Meet The New YouTube

Change is the only thing consistent about social (and interactive) media these days. Facebook changes its design and layout so frequently that by now, you probably know exactly which of your friends will swear off Facebook forever – this time for good! – if the News Feed is altered just one more time. Google is even more fickle, as it seems to launch a new social media experiment every six months (does anybody remember Wave?). The Ol’ Faithful of the social media world has long been YouTube, a site that has remained relatively the same since 2005.

Until today.

The New YouTube Design

The team behind the world’s third most visited website announced a major facelift aimed at keeping users on YouTube even longer than before. When I first visited the redesigned homepage, I was immediately drawn to the new navigation toolbar on the left hand side. It makes finding new videos and sharing them on other social media outlets easier than ever. The main page even features a feed similar to Facebook or Google+ where I can see the latest activity of my favorite Channels (I can even link my Google+ or Facebook profile from the left column and see what my friends are sharing!). And here lies perhaps the most significant change of the YouTube redesign.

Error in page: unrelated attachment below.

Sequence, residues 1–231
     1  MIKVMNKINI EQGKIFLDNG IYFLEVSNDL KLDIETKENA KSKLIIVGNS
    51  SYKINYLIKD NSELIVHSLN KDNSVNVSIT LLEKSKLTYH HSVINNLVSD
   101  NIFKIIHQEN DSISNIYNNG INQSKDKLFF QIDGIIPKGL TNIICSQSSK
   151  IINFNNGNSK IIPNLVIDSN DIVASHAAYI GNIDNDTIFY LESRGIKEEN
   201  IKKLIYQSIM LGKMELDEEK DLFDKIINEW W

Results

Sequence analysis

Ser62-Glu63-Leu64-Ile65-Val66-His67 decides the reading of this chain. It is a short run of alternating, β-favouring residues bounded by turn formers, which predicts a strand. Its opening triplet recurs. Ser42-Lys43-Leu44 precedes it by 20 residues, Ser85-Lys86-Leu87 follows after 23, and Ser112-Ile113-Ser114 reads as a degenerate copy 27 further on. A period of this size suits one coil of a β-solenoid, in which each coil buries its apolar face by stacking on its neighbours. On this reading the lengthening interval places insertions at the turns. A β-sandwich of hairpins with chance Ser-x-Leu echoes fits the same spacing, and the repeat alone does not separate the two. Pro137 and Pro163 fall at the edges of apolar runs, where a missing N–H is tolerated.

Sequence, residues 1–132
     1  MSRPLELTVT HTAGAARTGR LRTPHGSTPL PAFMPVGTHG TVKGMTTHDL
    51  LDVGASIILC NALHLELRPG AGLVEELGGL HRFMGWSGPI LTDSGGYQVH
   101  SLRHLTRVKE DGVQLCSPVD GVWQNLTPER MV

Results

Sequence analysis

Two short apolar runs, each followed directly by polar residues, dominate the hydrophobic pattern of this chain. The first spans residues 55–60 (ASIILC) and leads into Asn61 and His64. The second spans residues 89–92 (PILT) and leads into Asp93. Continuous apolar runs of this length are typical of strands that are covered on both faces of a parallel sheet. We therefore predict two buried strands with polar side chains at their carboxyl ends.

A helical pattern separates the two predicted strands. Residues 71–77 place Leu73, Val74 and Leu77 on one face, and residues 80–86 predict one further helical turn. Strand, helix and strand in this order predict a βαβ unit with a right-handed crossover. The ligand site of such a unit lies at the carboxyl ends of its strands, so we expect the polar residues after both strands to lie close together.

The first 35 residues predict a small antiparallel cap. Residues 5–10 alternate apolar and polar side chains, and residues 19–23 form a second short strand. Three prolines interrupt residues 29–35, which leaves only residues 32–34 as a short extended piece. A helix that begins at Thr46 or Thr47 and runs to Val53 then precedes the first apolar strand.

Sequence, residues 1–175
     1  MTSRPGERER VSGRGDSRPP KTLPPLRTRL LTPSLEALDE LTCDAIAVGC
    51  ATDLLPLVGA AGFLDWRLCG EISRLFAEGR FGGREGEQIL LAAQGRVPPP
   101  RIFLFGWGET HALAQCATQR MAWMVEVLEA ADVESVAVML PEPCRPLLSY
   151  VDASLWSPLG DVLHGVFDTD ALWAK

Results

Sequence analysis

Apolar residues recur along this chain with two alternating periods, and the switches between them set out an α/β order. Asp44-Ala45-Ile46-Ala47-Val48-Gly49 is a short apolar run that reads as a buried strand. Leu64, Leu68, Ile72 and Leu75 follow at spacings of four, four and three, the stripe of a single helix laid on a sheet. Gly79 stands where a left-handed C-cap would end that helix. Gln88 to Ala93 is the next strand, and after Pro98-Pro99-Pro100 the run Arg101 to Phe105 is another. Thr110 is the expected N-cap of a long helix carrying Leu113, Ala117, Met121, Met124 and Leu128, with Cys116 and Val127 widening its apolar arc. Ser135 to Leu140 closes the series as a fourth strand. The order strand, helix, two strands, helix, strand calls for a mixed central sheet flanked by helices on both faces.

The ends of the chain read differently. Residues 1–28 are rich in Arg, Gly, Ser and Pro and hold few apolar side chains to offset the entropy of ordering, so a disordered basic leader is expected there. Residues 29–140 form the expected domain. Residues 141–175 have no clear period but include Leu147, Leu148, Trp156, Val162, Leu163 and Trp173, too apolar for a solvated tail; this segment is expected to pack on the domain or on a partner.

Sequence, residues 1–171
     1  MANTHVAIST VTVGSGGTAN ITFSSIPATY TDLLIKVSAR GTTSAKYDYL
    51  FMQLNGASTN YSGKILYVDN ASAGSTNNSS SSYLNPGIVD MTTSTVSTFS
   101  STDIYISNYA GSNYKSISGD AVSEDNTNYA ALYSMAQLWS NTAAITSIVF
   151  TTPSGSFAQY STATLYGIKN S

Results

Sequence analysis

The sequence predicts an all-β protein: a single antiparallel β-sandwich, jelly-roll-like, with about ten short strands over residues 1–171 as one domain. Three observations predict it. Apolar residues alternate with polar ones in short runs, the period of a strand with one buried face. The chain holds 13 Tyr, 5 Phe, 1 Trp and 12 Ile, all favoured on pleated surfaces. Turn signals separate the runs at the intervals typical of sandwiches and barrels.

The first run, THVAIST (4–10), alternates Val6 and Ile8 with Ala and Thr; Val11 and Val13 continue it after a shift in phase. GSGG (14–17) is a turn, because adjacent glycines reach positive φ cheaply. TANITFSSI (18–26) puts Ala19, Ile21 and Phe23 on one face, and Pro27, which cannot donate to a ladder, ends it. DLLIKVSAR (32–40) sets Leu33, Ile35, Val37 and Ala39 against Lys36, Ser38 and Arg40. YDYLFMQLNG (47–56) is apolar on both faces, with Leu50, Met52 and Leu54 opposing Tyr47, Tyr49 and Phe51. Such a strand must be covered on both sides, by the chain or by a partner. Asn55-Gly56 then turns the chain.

Channel-Centric YouTube Redesign

YouTube knows its popularity is on the heels of one-off videos. When your co-worker tells you about a video of Cookie the baby penguin, YouTube relies on you heading back to your desk and visiting their site specifically for that video. But YouTube is willing to bet big that the future lies in its users subscribing to Channels – which includes everything from ESPN to SnookTv (don’t do it).

In the past, whether or not I was subscribed to a Channel was not an issue. Since the center of the new page is dedicated to Subscriptions, however, my options were to either add Channels or suffer the horrors of a blank home page. I chose to add a few Channels of interest to appear on the page and then spent the next five minutes watching Rowan Atkinson drive in circles at the suggestion of the Top Gear Channel. Well played, YouTube.

YouTube Opting for Higher Relevance

By promoting Channels as the primary theme of the redesign, YouTube hopes to drive more relevant content to users. If they can increase the appeal of peripheral content, YouTube knows the likelihood of a visitor remaining on the site skyrockets. This boosts viewings, time on the site and, ultimately, revenue. I’m interested in seeing how users react to the new page, but perhaps more curious to see if YouTube is successful in squeezing even more time from visitors by specifically driving their experience around the Channel platform.

New YouTube Design…Yay or Nay?

Let’s see how this new YouTube design works! But before you jump off to watch the video of Cookie, I’d like to hear your thoughts on the new YouTube design in the comments section below!